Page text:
Chapter 7. Customizing desktop appearance and branding

As a system administrator, you can configure the default appearance and branding of the GNOME interface for all users on the system.

7.1. Customizing desktop backgrounds

As a system administrator, you can configure the default desktop background, add extra backgrounds, or add multiple backgrounds available to all users of the system.

If the users are not permitted to change background from the defaults, you must lock the settings using the locks directory. Otherwise, each user can customize the background according to their preferences.

7.1.1. Customizing the default desktop background

You can configure the default desktop background and its appearance by setting the relevant GSettings keys in the org.gnome.desktop.background schema.

Procedure

  1. Create a local database for machine-wide settings in /etc/dconf/db/local.d/00-background:

    [org/gnome/desktop/background]
    
    picture-uri='file:///usr/local/share/backgrounds/wallpaper.jpg' 1
    picture-options='scaled' 2
    primary-color='000000' 3
    secondary-color='FFFFFF' 4
    1
    Specify the path to the desktop background image file.
    2
    Specify one of the rendering options for the background image:
    • none
    • wallpaper
    • centered
    • scaled
    • stretched
    • zoom
    • spanned
    3
    Specify the left or top color when drawing gradients or the solid color.
    4
    Specify the right or bottom color when drawing gradients.
  2. Optional: If you want to prevent a user from changing the default background, override the user’s setting in the /etc/dconf/db/local.d/locks/background file:

    # List the keys used to configure the desktop background
    /org/gnome/desktop/background/picture-uri
    /org/gnome/desktop/background/picture-options
    /org/gnome/desktop/background/primary-color
    /org/gnome/desktop/background/secondary-color
  3. Update the system databases:

    # dconf update
  4. Users must log out and back in again before the system-wide settings take effect.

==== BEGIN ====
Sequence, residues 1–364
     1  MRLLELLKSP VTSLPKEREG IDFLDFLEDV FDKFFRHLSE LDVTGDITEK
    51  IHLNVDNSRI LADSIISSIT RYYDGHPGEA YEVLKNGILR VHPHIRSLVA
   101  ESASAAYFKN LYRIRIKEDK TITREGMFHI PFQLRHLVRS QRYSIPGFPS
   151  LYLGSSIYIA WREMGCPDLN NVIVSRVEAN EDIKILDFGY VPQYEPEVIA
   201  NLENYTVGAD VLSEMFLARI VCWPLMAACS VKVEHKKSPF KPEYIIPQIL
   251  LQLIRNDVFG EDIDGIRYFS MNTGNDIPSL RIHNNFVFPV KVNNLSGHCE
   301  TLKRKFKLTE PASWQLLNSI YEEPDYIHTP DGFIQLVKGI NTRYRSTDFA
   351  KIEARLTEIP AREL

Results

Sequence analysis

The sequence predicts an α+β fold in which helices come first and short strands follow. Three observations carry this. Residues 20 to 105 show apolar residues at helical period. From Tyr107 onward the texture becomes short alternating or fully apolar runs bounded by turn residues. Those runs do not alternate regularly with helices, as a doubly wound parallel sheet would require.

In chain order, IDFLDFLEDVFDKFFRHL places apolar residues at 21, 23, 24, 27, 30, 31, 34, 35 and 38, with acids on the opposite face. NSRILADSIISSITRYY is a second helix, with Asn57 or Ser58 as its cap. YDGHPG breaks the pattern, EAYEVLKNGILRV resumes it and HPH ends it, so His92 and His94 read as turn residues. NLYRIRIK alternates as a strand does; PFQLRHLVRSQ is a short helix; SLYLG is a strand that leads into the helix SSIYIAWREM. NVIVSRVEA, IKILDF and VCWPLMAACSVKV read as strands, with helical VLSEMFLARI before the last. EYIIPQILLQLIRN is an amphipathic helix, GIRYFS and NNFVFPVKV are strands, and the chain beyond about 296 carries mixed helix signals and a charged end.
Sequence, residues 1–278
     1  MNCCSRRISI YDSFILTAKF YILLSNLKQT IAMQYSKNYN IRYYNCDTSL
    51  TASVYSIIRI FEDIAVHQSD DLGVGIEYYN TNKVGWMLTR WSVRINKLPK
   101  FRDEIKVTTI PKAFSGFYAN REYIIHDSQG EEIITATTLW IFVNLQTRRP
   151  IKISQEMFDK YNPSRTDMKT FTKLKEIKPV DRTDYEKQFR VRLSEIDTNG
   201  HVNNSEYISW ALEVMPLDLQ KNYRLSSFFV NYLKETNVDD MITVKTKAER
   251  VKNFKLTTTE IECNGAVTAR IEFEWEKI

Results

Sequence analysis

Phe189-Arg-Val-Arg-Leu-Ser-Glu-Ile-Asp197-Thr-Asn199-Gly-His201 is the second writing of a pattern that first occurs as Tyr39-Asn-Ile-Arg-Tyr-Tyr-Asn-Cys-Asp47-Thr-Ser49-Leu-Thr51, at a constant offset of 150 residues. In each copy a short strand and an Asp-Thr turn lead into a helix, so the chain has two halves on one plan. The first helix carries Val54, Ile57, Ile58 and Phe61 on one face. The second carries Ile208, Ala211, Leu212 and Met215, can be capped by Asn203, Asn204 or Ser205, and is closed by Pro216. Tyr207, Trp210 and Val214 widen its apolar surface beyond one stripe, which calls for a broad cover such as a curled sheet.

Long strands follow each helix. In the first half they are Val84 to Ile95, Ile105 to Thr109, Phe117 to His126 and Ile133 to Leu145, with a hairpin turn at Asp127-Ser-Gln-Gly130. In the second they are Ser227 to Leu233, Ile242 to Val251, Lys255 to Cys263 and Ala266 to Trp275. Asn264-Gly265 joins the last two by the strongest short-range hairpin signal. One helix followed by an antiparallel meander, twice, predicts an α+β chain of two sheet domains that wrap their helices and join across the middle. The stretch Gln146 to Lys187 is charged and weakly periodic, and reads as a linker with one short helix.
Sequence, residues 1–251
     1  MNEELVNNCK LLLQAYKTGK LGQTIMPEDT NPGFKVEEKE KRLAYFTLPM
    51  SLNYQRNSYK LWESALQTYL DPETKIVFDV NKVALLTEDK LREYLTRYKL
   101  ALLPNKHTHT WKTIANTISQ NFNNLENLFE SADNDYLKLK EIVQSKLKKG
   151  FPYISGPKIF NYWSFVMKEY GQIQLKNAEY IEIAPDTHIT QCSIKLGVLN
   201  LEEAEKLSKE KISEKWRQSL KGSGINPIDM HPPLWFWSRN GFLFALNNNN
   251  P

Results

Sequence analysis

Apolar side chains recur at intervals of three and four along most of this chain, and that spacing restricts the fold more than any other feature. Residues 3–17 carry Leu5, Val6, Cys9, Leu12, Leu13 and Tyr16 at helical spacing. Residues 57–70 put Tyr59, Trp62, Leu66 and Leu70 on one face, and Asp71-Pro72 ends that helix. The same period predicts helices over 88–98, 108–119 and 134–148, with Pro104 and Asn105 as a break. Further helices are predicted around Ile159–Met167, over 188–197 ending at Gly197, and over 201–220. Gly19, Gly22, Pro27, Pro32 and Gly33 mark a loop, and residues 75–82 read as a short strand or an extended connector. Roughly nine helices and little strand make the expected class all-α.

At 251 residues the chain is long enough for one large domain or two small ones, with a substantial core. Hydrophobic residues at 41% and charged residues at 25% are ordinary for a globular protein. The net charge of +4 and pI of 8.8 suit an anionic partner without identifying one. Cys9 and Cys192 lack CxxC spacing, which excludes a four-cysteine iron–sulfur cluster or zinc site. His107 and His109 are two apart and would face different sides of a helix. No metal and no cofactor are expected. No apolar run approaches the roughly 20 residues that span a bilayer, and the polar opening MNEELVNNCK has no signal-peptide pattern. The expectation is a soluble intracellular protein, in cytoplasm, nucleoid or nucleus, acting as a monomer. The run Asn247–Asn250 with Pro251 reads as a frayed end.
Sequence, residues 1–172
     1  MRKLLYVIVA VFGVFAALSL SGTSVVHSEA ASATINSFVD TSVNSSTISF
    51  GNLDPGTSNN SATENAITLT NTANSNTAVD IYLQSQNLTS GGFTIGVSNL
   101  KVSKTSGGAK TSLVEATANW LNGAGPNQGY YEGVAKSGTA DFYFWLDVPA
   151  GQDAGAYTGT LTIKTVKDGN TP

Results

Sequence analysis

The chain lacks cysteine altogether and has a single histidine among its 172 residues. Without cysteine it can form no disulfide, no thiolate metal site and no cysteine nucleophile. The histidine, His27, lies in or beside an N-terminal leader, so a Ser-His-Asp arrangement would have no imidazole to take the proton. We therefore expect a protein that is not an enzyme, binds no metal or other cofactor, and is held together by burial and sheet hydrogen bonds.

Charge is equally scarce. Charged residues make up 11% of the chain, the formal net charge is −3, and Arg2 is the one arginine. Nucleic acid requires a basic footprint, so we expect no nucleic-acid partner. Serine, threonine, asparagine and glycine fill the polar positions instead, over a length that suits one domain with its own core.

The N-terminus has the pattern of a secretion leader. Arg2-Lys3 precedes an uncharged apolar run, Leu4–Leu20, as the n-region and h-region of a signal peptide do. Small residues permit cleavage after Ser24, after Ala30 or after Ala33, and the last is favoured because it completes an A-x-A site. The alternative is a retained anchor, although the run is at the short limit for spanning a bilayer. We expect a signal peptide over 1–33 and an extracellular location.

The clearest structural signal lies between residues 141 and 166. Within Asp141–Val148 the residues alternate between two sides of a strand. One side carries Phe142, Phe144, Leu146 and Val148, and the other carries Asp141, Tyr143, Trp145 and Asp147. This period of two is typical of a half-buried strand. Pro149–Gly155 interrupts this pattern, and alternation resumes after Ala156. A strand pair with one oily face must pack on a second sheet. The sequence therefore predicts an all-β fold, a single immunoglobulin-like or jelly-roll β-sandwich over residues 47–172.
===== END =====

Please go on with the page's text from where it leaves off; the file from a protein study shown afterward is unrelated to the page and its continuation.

7.1.2. Adding extra backgrounds

You can make extra backgrounds available to users on your system.

Procedure

  1. Create the /usr/share/gnome-background-properties/extra-backgrounds.xml file.
  2. In the new file, specify the extra background files and their appearance in the following format:

    <?xml version="1.0" encoding="UTF-8"?>
    <!DOCTYPE wallpapers SYSTEM "gnome-wp-list.dtd">
    <wallpapers>
      <wallpaper deleted="false">
        <name>Background name</name>
        <filename>full-path-to-the-image</filename>
        <options>display-option</options>
        <shade_type>background-shade</shade_type>
        <pcolor>primary-color</pcolor>
        <scolor>secondary-color</scolor>
      </wallpaper>
    </wallpapers>
  3. The new backgrounds are now available to all users in the Background section of the Settings application.

7.1.3. Frequently used background schema keys

The following configuration controls the behavior of desktop backgrounds in the GSettings system.

Table 7.1. Frequently used GSettings and XML background keys

Key nameXML namePossible valuesDescription

picture-options

options

  • none
  • wallpaper
  • centered
  • scaled
  • stretched
  • zoom
  • spanned

Determines how the image set by wallpaper_filename is rendered.

color-shading-type

shade_type

  • horizontal
  • vertical
  • solid

Determines the shade of the background color.

primary-color

pcolor

default: #023c88

Left or Top color when drawing gradients, or the solid color.

secondary-color

scolor

default: #5789ca

Right or Bottom color when drawing gradients, not used for solid color.

Example 7.1. An extra backgrounds file with one <wallpaper> element

<?xml version="1.0" encoding="UTF-8"?>
<!DOCTYPE wallpapers SYSTEM "gnome-wp-list.dtd">